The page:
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COVID-19: latest impact on food

Food Foundation Covid-19 analysis 

FAMILIES IN THE UK ARE BORROWING MONEY TO BUY FOOD JUST A WEEK INTO LOCKDOWN

Today, the Guardian reported on our YouGov survey, which found that millions of people in the UK are already struggling to get the food they need and falling into debt because of the coronavirus pandemic.

More than 1.5 million adults in Britain say they cannot obtain enough food, 53% of NHS workers are worried about getting food, and half of parents with children eligible for Free School Meals have not received any substitute meals to keep their children fed, despite government assurances that they would provide food vouchers or parcels. This means that 830,000 children could be going without daily sustenance on which they usually rely.

The government has identified 1.5 million people who are at greater risk of Covid-19 and instructed them to stay at home, promising to work with military planners to ensure that in a few weeks, a food parcel delivery scheme will reach 400,000 people. Our breakdown of vulnerable groups, however, shows that more than twice that number – 860,000 people in the medically vulnerable category – were already facing food insecurity before the crisis.

Central government is making concerted efforts to ensure support reaches those who need it most, but the current approach lacks coordination, and relies heavily on independent food aid projects which are already overstretched and operating at full capacity in order to meet the existing, pre-corona demand for assistance from families living in poverty.

There is an urgent need for a clear, coordinated effort which enables everyone to act in the right way to address the need for providing food aid for the sick and vulnerable. The Food Foundation is calling for the government to establish a fast-moving and accountable national food aid coordination mechanism to mobilise and oversee these operations. The task force must be led by a single minister, and should conduct a comprehensive assessment of need. It will coordinate across government with local authorities, businesses and charities to deliver the right package of food and financial assistance

The full results of our YouGov poll are as follows:

All figures, unless otherwise stated, are from YouGov Plc. Total sample size was 2070 adults. Fieldwork, unless otherwise stated, was undertaken between 25th-26th March 2020. The survey was carried out online. The figures have been weighted and are representative of all GB adults 18+.

  • More than half (54%) of parents with children aged 8-16 living in their household and eligible for Free School Meals report not receiving any substitute meals for their children, despite government promises to deliver support
    • 830,000 children could be going without the Free School Meals on which they rely for daily sustenance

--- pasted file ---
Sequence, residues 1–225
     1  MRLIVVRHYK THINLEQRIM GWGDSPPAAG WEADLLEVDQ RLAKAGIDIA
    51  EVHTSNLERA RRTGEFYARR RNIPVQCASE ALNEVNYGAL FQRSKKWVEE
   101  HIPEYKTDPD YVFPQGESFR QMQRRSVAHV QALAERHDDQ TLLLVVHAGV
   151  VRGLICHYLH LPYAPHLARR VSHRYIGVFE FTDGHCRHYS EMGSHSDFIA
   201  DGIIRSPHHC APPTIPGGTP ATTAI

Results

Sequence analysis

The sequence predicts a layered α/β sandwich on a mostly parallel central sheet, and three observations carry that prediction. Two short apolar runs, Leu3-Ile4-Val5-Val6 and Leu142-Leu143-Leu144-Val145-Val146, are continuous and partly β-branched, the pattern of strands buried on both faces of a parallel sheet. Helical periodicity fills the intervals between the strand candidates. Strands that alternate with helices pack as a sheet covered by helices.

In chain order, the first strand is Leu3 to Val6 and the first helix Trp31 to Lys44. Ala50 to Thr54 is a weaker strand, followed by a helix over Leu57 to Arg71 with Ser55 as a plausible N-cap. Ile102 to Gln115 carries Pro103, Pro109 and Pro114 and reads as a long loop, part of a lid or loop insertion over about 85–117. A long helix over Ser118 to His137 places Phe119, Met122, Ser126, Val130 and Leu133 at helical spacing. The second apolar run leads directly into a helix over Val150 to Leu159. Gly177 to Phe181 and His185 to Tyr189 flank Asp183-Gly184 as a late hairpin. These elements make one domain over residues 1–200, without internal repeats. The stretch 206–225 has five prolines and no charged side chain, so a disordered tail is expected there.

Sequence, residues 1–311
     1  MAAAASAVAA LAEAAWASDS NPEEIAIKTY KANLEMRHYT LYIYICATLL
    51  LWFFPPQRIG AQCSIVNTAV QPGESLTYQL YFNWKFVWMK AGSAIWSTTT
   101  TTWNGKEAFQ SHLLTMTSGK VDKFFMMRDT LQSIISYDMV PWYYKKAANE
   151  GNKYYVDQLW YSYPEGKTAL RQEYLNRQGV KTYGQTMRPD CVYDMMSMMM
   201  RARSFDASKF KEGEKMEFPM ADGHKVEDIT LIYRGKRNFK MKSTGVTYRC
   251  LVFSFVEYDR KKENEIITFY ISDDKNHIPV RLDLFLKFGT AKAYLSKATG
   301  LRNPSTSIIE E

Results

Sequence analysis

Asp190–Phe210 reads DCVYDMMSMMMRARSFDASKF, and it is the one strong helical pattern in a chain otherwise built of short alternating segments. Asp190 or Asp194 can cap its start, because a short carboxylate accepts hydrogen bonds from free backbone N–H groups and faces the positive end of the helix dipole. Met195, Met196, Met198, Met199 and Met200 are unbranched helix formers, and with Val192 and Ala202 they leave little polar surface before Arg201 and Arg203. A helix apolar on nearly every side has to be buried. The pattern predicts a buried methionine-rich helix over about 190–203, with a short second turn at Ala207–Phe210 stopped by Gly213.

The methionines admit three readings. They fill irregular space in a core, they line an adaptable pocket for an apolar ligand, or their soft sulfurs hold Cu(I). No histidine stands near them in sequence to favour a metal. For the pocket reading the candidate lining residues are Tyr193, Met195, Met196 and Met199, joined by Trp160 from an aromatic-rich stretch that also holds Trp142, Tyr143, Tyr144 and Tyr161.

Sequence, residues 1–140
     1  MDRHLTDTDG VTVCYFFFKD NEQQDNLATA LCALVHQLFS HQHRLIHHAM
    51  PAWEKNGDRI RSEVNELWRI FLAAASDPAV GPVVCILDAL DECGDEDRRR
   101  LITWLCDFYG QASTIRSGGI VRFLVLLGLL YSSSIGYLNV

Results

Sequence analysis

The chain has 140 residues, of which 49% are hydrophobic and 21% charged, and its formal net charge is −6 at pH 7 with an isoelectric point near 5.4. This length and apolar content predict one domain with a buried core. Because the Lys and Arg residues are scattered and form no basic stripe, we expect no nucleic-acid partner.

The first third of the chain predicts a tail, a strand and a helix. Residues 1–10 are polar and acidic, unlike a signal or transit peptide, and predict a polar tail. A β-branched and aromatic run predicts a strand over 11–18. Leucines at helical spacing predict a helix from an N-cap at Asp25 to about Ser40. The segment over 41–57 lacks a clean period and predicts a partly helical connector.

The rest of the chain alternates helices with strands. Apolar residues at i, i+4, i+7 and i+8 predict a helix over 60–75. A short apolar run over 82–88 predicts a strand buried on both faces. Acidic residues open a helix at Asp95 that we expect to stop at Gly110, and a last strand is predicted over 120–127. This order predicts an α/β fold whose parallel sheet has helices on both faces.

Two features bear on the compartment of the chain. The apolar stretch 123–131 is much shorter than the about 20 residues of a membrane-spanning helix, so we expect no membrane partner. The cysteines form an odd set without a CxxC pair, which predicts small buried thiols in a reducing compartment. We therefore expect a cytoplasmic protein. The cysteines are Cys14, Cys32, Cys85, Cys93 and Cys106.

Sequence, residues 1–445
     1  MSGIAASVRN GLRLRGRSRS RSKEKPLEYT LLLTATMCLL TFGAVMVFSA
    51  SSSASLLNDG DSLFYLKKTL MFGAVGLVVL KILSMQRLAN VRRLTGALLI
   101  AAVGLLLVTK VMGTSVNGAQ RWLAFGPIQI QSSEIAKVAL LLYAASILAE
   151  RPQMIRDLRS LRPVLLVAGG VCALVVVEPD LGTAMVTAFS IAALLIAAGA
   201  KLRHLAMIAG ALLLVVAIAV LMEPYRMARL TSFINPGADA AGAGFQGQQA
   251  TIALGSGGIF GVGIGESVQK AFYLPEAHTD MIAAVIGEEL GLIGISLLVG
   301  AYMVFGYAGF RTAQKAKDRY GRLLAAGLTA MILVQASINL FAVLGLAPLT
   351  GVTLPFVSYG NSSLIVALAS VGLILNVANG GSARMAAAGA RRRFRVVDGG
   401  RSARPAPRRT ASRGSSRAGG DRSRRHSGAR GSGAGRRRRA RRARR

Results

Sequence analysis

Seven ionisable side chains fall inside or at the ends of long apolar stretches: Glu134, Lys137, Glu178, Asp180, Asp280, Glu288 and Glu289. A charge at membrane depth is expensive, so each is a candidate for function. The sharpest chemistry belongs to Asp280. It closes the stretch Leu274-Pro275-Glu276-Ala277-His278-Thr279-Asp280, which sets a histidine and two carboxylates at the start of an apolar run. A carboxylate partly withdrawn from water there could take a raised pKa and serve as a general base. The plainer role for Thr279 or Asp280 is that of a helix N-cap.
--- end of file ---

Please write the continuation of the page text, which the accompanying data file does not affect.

• Government guidance around Free School Meals (FSM) indicates that eligible children should receive prepared meals, food parcels (for collection or delivery) or supermarket vouchers from schools, but more than half of the families surveyed who should be receiving this support say they are not
  • 12% of those surveyed – equivalent to 6.1 million adults[1]say they’re struggling to follow the government’s guidance to stay at home because it will mean losing out on essential income
    • Those in lower socioeconomic groups reported this more frequently than their higher income counterparts (15% vs. 9%)
  • 6% report that they have already needed to take out a personal loan or borrow money as a result of COVID-19
    • This means that over three million[2]people may have borrowed money in order to manage their households
    • People with children in their households are 2.5 times as likely to have taken out a personal loan or borrowed money, compared to those without children
  • More than 1.5 million adults[3] in Great Britain now report that they are unable to obtain the food they need: 3% of respondents reported that they are not managing to get the food they require. This does not include the children who live with them.
  • As a result of coronavirus, nearly half (44%) of people surveyed are worried about getting the food they need
    • People with children aged 8 to 16 in their household are more worried about getting food (52%) compared with those with no children (40%)
    • People with children are more worried about getting fruit and veg (50%) compared with those with no children (42%)
    • 59% of parents with a 5-11-year-old are worried about getting enough food
    • 72% of parents of children receiving free school meals said they were worried about not getting enough fruit and veg
    • 52% of unemployed respondents are worried about not getting enough food, and 58% are concerned that they won’t be able to access enough fruit and vegetables
    • 50% of those with underlying health conditions are worried about getting enough food compared to those without (40%)
    • 53% of NHS workers were worried about getting food, compared with 43% of key workers that do not work for the NHS.

[1] Adult population calculations made by the Food Foundation based on mid-year population estimates

[2] Adult population calculations made by the Food Foundation based on mid-year population estimates

[3] Adult population calculations made by the Food Foundation based on mid-year population estimates